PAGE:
How to get the most out of your consumables for optimal cuts
Plasma cutting is the process of ionizing a vortex of pressurized gas to melt electrically conducive materials. A plasma torch focuses this vortex of gas on the material until it cuts it. A CNC moves the plasma torch along a programmed path to cut the material using torch height control and a gantry for x, y, z movements. Although CNC plasmas can produce high-quality cuts at a relatively low cost, their cut quality diminishes over time. To prevent cut quality from suffering, you need to understand how it happens and methods you can use to combat it.
How the power supply allows you to improve cut quality
The power supply is the lifeblood of the plasma cutting system. It determines the types of plasma gases that can be used and how these gases are mixed. If your power supply is capable, you can prolong the life of your consumables by ramping up the voltage and gas before each cut. By doing so, your consumables will remain virtually undamaged which will maintain good cut quality for a longer period of time.
The parts of the torch and how they typically fail
Consumables by definition eventually need to be replaced; however, you can improve the lifespan of your consumables by diagnosing how they fail and taking measures to prevent these issues. The torch consists of four different parts: the electrode, the nozzle, the gas distributor, and the shield. Each of these parts plays a necessary role in the plasma cutting process so it is important to understand their shortcomings.
Gas Distributor and Electrode:
The gas distributor is the part that creates the vortex of ionized gas and keeps it concentrated on the electrode tip. An emitting element is inserted into the electrode tip that produces the plasma arc used for cutting. When this emitting element is worn down to its casing, the plasma arc begins to emit off this casing and subsequently causes the electrode to fail. The electrode can also fail due to improper gas flow from the gas distributor.
The nozzle’s design is crucial to obtaining optimal cut quality. It is designed so that the orifice is slightly larger than the vortex of ionized gas. This allows the nozzle to direct the flow of gas without being damaged itself. If the orifice is not large enough, the nozzle will be damaged and negatively impact cut quality. Internal nozzle damage is generally caused by a blown electrode, gas flow problems or incorrect voltage levels. External nozzle damage on the other hand, is caused mainly by excess metal splatter that occurs when the torch cuts too close to the metal. This can be prevented by increasing the torch’s cutting height.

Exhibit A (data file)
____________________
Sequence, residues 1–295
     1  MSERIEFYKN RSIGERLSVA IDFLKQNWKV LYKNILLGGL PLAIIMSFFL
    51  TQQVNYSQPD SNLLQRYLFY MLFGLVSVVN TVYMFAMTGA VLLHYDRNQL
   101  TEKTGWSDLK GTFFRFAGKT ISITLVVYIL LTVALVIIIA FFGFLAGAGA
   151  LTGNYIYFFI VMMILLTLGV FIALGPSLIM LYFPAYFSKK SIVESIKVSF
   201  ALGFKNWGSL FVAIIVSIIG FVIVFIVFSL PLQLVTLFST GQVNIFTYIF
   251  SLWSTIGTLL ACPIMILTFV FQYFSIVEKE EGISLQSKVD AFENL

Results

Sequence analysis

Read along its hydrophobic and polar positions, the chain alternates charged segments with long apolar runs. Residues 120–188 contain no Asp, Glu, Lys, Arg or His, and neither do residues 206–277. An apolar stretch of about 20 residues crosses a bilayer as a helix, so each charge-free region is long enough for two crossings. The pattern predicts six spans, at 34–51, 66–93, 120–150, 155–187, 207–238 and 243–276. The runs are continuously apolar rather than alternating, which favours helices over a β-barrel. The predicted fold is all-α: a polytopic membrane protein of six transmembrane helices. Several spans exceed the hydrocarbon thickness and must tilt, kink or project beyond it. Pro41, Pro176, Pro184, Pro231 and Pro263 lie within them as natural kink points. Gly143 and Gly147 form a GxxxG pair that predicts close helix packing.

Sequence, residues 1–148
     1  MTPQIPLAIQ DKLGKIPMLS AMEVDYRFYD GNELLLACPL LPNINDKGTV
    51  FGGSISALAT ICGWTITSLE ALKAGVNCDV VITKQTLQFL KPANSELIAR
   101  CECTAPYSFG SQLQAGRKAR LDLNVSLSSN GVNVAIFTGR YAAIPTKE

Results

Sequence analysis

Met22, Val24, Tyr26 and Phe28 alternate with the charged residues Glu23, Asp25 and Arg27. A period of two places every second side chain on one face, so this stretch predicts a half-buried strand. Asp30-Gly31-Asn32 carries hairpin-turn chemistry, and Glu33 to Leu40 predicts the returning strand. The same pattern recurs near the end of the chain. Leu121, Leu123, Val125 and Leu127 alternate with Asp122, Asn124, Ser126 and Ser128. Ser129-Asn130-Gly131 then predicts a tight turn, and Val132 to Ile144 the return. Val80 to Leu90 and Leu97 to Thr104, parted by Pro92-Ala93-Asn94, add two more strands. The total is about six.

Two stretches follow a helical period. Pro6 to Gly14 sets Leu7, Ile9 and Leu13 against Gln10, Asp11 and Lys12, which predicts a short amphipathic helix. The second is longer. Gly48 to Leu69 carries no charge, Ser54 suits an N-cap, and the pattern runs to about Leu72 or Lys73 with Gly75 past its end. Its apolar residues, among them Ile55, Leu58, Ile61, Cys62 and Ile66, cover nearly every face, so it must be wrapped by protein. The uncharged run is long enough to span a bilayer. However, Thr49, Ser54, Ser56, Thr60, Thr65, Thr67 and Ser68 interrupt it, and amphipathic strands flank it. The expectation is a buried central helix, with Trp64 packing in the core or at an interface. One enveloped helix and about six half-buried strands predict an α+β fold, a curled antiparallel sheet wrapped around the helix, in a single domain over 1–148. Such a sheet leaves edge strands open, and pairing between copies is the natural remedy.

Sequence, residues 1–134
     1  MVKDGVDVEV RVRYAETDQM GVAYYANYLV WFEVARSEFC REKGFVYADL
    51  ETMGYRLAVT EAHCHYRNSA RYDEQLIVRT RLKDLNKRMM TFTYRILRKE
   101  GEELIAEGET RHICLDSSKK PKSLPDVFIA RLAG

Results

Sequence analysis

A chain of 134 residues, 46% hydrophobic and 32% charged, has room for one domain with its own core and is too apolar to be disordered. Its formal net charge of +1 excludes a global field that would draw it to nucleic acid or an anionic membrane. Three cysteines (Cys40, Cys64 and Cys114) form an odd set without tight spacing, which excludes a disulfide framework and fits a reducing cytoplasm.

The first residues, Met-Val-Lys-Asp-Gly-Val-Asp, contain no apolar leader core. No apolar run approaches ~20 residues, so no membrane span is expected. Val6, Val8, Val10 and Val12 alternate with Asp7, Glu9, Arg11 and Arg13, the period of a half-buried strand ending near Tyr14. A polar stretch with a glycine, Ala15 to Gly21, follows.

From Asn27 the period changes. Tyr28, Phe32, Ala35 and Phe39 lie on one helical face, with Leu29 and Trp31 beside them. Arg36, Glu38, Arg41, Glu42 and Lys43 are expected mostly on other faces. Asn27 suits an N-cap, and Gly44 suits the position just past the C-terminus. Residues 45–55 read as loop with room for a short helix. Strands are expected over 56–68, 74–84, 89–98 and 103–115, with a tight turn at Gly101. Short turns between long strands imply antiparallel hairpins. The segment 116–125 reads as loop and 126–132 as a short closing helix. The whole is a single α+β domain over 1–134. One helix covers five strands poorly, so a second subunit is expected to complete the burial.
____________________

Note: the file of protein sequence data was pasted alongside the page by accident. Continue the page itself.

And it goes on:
The nozzle shield aims to protect the nozzle from being damaged during the cutting process; however, if the nozzle’s orifice is damaged it will impact gas flow and could cause cut quality to suffer.
How the torch height control allows for accurate piercing
The torch height control (THC) is used to maintain the cutting height of the torch. Before every cut, the THC uses a height-sensing mechanism to detect the plate so that it can pierce from 0.25″ to 0.5″ above the plate. The torch then briefly lowers before rising again to the arc voltage-controlled cutting height. The torch remains at this height for the remainder of the process. Newer THC’s compensate for electrode wear by maintaining the same cutting height throughout their life. Older THCs do not have this feature so you need to manually compensate for electrode wear by increasing the current in 2-volt increments. A pierce height too high or too low will cause bevels to form on the part being cut.
These are just some of the ways in which you can improve cut quality, and more importantly preserve a high standard for your product. Ultimately, wear and tear of your consumable parts is unavoidable, but by understanding how these parts are damaged, you can extend their useful life and improve the precision of your plasma cuts.